“Oh,” said Crowley, still staring at their joined hands. His eyes behind the dark glasses were wide.

“I’m sorry it took me so long to catch up,” said Aziraphale.

“Don’t be. Worth it,” said Crowley, biting his lip as if he too was trying not to cry. “You love me.”

Aziraphale smiled. “Yes, my dear. I do.”

Holding Crowley’s hand felt different to anything Aziraphale had ever experienced before. The sense of love that surrounded them bloomed brighter and larger, and there was a feeling of freedom to it. He wondered how it must feel to Crowley. He seemed rather overwhelmed, but then so was Aziraphale. This was not a dutiful love, but one of choice, and desire, and it made more difference than expected.

Aziraphale revelled in it, breathing deeply, learning the precise texture of Crowley’s skin at last, even if it was just one hand. He mapped it with his heart, and inscribed it onto his soul.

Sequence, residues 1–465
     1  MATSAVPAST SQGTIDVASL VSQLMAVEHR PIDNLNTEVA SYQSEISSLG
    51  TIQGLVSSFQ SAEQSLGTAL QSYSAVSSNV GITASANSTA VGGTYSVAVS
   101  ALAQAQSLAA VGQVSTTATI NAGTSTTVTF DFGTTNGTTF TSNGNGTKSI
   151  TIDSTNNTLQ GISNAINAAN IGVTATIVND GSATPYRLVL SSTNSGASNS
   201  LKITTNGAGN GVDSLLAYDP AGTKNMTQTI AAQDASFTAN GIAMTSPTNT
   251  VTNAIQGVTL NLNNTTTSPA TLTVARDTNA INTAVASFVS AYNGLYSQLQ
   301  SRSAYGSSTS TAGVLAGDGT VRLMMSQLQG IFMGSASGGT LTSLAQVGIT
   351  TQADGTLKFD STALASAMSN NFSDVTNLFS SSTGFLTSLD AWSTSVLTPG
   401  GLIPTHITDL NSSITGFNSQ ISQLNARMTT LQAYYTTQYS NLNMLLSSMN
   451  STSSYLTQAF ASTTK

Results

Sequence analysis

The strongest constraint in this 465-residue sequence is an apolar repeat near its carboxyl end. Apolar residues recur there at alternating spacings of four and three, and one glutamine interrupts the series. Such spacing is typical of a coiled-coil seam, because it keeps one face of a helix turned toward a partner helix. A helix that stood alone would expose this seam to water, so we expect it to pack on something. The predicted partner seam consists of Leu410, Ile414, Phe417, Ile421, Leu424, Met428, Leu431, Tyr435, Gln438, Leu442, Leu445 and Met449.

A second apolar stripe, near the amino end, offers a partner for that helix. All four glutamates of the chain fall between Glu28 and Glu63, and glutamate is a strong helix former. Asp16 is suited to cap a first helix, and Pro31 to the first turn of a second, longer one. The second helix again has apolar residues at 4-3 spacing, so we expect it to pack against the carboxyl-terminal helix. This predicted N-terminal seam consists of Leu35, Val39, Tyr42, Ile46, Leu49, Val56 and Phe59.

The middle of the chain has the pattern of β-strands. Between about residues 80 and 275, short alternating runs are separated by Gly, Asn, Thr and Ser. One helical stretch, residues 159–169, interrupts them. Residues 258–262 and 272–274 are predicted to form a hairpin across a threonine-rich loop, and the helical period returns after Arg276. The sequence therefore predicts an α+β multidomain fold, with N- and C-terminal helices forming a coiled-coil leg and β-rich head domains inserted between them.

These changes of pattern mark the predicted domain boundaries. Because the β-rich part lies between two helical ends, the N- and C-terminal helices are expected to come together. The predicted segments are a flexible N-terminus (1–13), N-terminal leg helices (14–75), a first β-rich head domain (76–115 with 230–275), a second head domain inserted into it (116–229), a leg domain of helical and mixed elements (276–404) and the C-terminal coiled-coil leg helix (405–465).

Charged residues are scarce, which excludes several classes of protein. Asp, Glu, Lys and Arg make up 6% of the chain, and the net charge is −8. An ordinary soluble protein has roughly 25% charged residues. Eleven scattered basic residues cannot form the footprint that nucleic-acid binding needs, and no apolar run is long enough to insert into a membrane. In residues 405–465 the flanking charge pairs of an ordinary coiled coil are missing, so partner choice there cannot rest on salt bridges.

“There’s an apple up there, by the way,” he said, pointing.

Crowley looked up, startled, and saw it. “Huh. I thought the blessed thing must be barren.”

He shifted position at once, as if he wanted to stand up and examine the fruit, then stopped.

“It’ll still be there tomorrow,” he said. His thumb rubbed gently at the back of Aziraphale’s hand.


Hours later, Anthony the fox slunk towards the forgotten spread of pavlovas and tarts, tongue lolling hopefully, and Aziraphale worried that so much sugar would be bad for his teeth.

“Once won’t hurt,” said Crowley, his smile flashing white in the darkness.

“Oh, you demon,” laughed Aziraphale. “He can’t have all of it though, help me pick these up. There’s plenty left, I shall keep some to take to the Pulsifers for tea.”

Grumbling quietly, Crowley helped to pack up the remains of the picnic, and they went indoors. If change was afoot, then at least some changes were for the better.

Chapter Text